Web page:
The assessment will be based on the (weighted average of the) following 3 components:
A. Practical exercises
Practical exercise 1: presence and class participation
Practical exercise 2: presentation
Practical exercise 3: outline of final paper

Practical exercises are evaluated as either satisfactory or unsatisfactory and do not count toward the final grade.
N.B. For these exercises no resits are possible. Failure to receive a satisfactory grade for the exercise(s) will mean automatic exclusion from the grade-determining elements.

B. Book review 30%
Students will review Assaf Gavron, The Hilltop. A Novel, trans. S. Cohen (Scribner 2014), comparing fact and fiction based on course reading assignments.

C. Final paper 70%
The endtermpaper needs to be the result of independent work. The topic of the paper needs to be chosen in close consultation with the supervisors. When writing their papers, students should make use of W.C. Booth et al., The Craft of Research (University of Chicago Press 20083).

To complete the final mark, please take notice of the following: the final mark for the course is established by determining the weighted average.

To pass the course, the weighted average has to be 5.5 at least.

Class attendance is compulsory. Students who are absent or attend classes only partially will automatically fail this BA-seminar. The validity of any absence related excuses – to be sent in writing to the instructors – will be assessed by the instructors.
The final mark for the BA-Seminar is established by the weighted average of the grades for the book review and final paper.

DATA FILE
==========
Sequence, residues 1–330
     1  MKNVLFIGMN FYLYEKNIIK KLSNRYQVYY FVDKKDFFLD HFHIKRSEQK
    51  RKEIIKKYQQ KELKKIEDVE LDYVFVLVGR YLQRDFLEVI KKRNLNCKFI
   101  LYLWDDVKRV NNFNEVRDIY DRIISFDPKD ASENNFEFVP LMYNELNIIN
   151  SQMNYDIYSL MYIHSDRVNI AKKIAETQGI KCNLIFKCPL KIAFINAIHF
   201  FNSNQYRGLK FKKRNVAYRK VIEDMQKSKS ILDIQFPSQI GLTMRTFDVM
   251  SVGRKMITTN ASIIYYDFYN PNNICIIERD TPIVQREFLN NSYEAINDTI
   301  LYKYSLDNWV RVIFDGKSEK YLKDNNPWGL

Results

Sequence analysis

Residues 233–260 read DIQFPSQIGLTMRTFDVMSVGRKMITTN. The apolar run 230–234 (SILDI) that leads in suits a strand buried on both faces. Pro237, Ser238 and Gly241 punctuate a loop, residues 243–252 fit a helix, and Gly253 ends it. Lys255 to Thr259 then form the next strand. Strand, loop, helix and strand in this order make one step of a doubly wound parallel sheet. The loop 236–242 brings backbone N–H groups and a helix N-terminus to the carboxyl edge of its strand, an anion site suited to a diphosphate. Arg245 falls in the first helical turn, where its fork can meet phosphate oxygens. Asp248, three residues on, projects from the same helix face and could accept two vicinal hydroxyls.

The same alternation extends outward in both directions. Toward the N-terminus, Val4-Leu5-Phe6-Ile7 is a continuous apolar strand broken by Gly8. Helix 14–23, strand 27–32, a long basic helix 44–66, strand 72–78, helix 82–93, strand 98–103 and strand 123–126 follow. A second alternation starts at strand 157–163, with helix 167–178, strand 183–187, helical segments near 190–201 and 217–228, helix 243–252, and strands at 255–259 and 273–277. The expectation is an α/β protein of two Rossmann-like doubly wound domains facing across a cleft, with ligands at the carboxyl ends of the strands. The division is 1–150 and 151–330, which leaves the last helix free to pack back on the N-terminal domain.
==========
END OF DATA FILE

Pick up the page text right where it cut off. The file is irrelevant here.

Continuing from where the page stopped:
In order to pass, the grades received for the questions and final paper must be a minimum of a 5,5 for each component and no less than a 6,0 for the average.
If the either the book review or paper is insufficient, students are allowed to submit one revised version of their paper within 10 days after having received their grades.

Resit

In case of resubmission of the final essay (insufficient grade only) the final grade for the essay will be lowered as a consequence of the longer process of completion. The deadline for resubmission is 10 days after receiving the grade for the final essay.

Blackboard

Blackboard will be used. For tutorial groups: please enroll in blackboard after your enrolment in uSis
Students are requested to register on Blackboard for this course.

Reading list

Aviezer Ravitzky, Messianism, Zionism, and Jewish Religious Radicalism (University of Chicago Press 1996)
Assaf Gavron, The Hilltop. A Novel, trans. S. Cohen (Scribner 2014)
Capita selecta from, among others:
Samuel Hellman and Menachem Friedman, Rebbe. The Life and Afterlife of Menachem Mendel Schnerson (Princeton University Press 2010)
Samuel Heilman, Defenders of the Faith. Inside Ultra-Orthodox Jewry (University of California Press 1992)
Israel Shahk and Norton Mezvinsky, Jewish Fundamentalism in Israel (Pluto Press 2004)
Ian Lustik, For the Land and for the Lord. Jewish Fundamentalism in Israel (The Council on Foreign Relations 1988, available online at sas.upenn.edu)
Ehud Sprinzak, The Ascendance of Israel’s Radical Right (Oxford University Press 1991)
Ehud Sprinzak, Brother Against Brother. Violence and Extremism in Israeli Politics from Altalena to the Rabin Assassination (The Free Press 1999)
Additional articles online available. See weekly schedule on blackboard.
Ravitzky and Gavron should be purchased in advance! Books will be made available on the reserved book shelf of the University Library

W.C. Booth, G.G. Colomb, J.W. Williams, The Craft of Research, third edition, Chicago/London: University of Chicago Press, 2008.

Registration

Enrolment through uSis is mandatory.
General information about uSis is available in English and Dutch

Registration Studeren à la carte and Contractonderwijs

Not applicable

Contact

Prof. Dr. J. Frishman
Drs. S.R. Sabbah-Goldstein

Remarks

The deadline for submission of the final essay is 9 June 2017.

Passing this course is an entry requirement for the thesis and thesis seminar, elective year 3, and Practising Internatonal Studies.